The system’s glitches also made the user experience so cumbersome that teachers had to spend time on nights and weekends entering data. An arbitrator eventually ordered the city to pay over $38 million in teacher overtime.

Additionally, the system has sparked legal action. Former Public Advocate Letitia James filed a lawsuit claiming that SESIS was to blame for some children not receiving services as well as lost Medicaid payments. Between 2012 and 2015, according to the IBO, the city collected $373 million less in Medicaid reimbursements than officials projected.

Some advocates said that given SESIS’s troubled history, it makes sense to find alternatives.

“There has to be a strong data system in place,” said Maggie Moroff, a disability policy expert at Advocates for Children, a nonprofit advocacy organization. “We are eager to see a better system to be put in place, but are really worried about that transition period.”

Advocates have also pushed the city to make the data SESIS tracks directly available to parents.

“We will absolutely be looking at that,” Siciliano said.

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Charter schools racing to find new buildings as district ends their leases

PHOTO: Koby Levin
Escuela Avancemos will move to a new building.

At least two Detroit charter schools are racing against the clock to find new buildings for more than 500 students next fall after the city district decided not to renew their leases.

It’s the latest move in an ongoing effort by the Detroit Public Schools Community District to get out of the charter business, and it means another bout of uncertainty for schools that enroll hundreds of children in Detroit.

Leaders of GEE-Edmonson Academy and GEE-White Academy face the daunting challenge of finding new buildings before the start of the next school year. Another school, Escuela Avancemos, already found a new building. More schools, including Rutherford Winans Academy, have leases that expire this year, but their representatives did not return requests for comment on whether their lease was renewed.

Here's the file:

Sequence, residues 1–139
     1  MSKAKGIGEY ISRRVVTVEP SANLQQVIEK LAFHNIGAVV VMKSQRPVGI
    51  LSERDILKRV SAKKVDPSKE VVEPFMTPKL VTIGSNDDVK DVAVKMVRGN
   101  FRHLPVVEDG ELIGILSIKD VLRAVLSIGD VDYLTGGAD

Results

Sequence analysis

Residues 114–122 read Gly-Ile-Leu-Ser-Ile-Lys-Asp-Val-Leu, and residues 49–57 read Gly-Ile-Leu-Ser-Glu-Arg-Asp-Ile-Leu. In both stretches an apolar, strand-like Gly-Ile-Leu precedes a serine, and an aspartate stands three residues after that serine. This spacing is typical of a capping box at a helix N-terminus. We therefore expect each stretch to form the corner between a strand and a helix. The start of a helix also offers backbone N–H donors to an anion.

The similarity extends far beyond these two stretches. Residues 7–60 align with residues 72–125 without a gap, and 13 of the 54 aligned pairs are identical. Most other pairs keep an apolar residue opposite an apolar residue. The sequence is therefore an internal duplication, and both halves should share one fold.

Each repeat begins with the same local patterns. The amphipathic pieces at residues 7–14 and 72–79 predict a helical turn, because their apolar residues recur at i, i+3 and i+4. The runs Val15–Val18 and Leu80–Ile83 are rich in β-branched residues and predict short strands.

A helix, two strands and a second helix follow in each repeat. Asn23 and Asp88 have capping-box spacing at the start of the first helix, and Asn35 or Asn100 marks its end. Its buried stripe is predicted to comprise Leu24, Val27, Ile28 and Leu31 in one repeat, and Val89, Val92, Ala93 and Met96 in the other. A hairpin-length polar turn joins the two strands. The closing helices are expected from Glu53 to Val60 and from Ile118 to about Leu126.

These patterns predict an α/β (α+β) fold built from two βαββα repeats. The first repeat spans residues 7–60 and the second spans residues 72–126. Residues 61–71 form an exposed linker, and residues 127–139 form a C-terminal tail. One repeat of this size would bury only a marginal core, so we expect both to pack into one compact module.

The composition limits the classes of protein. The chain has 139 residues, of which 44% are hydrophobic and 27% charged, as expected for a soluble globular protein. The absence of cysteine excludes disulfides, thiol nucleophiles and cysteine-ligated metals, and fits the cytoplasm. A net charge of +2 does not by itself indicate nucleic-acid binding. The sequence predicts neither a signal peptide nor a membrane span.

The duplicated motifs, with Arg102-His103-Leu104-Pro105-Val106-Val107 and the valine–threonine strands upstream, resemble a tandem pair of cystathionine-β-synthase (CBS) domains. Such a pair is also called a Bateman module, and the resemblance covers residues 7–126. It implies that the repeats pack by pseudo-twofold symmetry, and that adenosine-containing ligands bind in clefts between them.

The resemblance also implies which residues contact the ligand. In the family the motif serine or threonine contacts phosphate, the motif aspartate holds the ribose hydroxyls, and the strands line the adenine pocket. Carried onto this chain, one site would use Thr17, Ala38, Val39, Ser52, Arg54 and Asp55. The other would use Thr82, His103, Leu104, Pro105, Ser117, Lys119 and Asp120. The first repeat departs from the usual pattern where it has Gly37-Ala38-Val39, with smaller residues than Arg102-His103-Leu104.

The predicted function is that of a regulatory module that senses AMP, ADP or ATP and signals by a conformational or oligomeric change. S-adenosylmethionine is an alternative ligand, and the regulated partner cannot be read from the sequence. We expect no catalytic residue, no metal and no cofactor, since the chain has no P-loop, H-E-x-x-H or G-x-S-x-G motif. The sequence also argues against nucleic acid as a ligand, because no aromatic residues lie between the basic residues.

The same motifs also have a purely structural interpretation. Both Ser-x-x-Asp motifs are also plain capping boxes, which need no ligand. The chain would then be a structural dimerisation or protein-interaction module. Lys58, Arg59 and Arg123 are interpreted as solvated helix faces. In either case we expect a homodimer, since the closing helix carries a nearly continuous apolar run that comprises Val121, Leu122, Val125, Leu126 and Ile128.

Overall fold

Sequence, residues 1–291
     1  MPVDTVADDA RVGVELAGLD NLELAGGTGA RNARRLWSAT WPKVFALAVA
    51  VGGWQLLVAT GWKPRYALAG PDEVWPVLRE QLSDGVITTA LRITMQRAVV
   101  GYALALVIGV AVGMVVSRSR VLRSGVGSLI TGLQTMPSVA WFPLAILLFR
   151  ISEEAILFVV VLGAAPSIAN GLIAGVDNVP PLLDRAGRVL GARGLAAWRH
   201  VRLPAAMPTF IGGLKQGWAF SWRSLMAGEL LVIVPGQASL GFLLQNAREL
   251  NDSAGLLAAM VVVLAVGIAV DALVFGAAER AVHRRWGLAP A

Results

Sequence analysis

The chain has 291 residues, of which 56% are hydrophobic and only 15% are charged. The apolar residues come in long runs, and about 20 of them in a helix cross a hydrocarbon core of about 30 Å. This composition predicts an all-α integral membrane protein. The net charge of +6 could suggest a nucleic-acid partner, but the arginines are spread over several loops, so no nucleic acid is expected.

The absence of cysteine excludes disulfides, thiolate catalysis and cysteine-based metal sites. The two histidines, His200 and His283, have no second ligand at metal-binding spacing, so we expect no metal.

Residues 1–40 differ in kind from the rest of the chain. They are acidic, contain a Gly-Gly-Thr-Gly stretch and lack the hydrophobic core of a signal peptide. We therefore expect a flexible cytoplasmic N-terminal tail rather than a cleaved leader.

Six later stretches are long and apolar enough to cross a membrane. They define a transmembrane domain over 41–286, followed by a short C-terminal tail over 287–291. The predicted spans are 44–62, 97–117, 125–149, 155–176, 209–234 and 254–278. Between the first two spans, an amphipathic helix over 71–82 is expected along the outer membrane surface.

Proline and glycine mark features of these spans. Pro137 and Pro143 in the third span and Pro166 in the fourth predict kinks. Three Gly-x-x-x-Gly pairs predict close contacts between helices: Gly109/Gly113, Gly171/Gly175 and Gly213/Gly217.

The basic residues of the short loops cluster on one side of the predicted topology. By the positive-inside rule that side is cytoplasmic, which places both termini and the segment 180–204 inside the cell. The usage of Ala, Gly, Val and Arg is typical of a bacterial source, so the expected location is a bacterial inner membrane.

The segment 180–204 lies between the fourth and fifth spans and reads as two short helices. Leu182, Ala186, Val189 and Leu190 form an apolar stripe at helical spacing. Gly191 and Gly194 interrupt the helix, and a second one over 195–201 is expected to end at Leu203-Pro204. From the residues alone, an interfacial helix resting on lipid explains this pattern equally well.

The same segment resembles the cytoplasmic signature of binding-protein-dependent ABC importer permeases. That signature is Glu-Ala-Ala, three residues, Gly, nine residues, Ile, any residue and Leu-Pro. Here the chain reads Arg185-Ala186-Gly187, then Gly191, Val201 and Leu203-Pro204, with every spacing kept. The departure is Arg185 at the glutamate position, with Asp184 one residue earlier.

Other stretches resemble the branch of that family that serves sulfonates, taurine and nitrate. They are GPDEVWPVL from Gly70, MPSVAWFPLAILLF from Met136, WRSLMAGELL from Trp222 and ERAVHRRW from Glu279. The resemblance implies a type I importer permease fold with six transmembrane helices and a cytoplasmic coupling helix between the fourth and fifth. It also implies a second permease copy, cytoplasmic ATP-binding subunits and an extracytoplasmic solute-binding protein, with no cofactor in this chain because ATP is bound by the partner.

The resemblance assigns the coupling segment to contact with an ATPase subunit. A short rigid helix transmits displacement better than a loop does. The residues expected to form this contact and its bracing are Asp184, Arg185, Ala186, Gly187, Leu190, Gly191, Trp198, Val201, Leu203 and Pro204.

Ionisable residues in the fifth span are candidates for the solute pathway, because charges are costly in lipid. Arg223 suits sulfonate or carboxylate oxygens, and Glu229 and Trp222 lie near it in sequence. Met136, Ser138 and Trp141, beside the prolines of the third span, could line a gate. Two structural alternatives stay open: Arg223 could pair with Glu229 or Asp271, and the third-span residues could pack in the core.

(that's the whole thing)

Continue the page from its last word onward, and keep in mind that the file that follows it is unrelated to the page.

Most students at the two schools run by Global Educational Excellence (GEE) walk every day, Superintendent Michael Conran said. If a new building can’t be found in those neighborhoods, the school’s would face new transportation challenges, casting doubt on their ability to maintain their enrollment.

“We were clearly not anticipating that the leases would not be renewed,” Conran said. “That news came pretty late, I believe it was after the New Year. That’s quite a notification to the boards in such a short period of time.”

The challenges for these schools don’t end there. The district could also decline to renew their charters for the GEE schools when they expire in June, potentially forcing them to find new backers as well as new buildings.

More than one charter school has already jumped ship. Escuela Avancemos, a small school in southwest Detroit, will begin the coming year in a new building and with a new authorizer, Central Michigan University. Officials had begun searching for a new building even before they were notified last month that their lease would not be renewed.

“For the protection of our school, we’ve had to take matters into our own hands to guarantee our future,” said Sean Townsin, principal at Escuela Avancemos.

Superintendent Nikolai Vitti made clear soon after he took the helm of the district in 2017 that he believed the district’s resources should be channeled toward its own students, not toward charter schools.

He reiterated that position last year when the district severed its ties with a three-school network of charter schools, forcing it to scramble to find new buildings and a new charter. Parents were forced to choose between an extraordinarily long commute to the new site and making an unwanted switch to another school. Enrollment was cut in half.

Supporters of the move pointed out at the time that those schools had been district schools until they were spun off by state-appointed emergency managers. In a city with lots of school options and few quality schools, they argued, some consolidation is necessary.

Most charters in Detroit are overseen by Michigan’s public universities, but 10 schools are supervised by the Detroit district.

A handful of those schools also rent their school buildings from the district, putting them in a particularly vulnerable position should the district decide that it would rather not support charter schools — its chief competitors for students and state funding.

In a statement about those schools, Chrystal Wilson, a spokeswoman for the district, said the the charter schools could eventually be replaced with district schools.

“Now that we have the leadership to rebuild the district, we need to review and maximize our property assets. This means possibly re-using currently leased schools for new DPSCD schools, replacing older buildings with high repair costs, or adding a school in an area where facility usage and class sizes are high where another traditional public school does not exist. We understand and accept if district charters are leaving for other authorizers.”

No matter the district’s plans, Conran said the Global Educational Excellence schools would continue trying to serve students.

But he asked for transparency from the district and time to plan.

“I’m just simply waiting to hear from DPS any decisions they anticipate making in as timely a manner as we need to make sure we can continue to support these students and their families,” he said.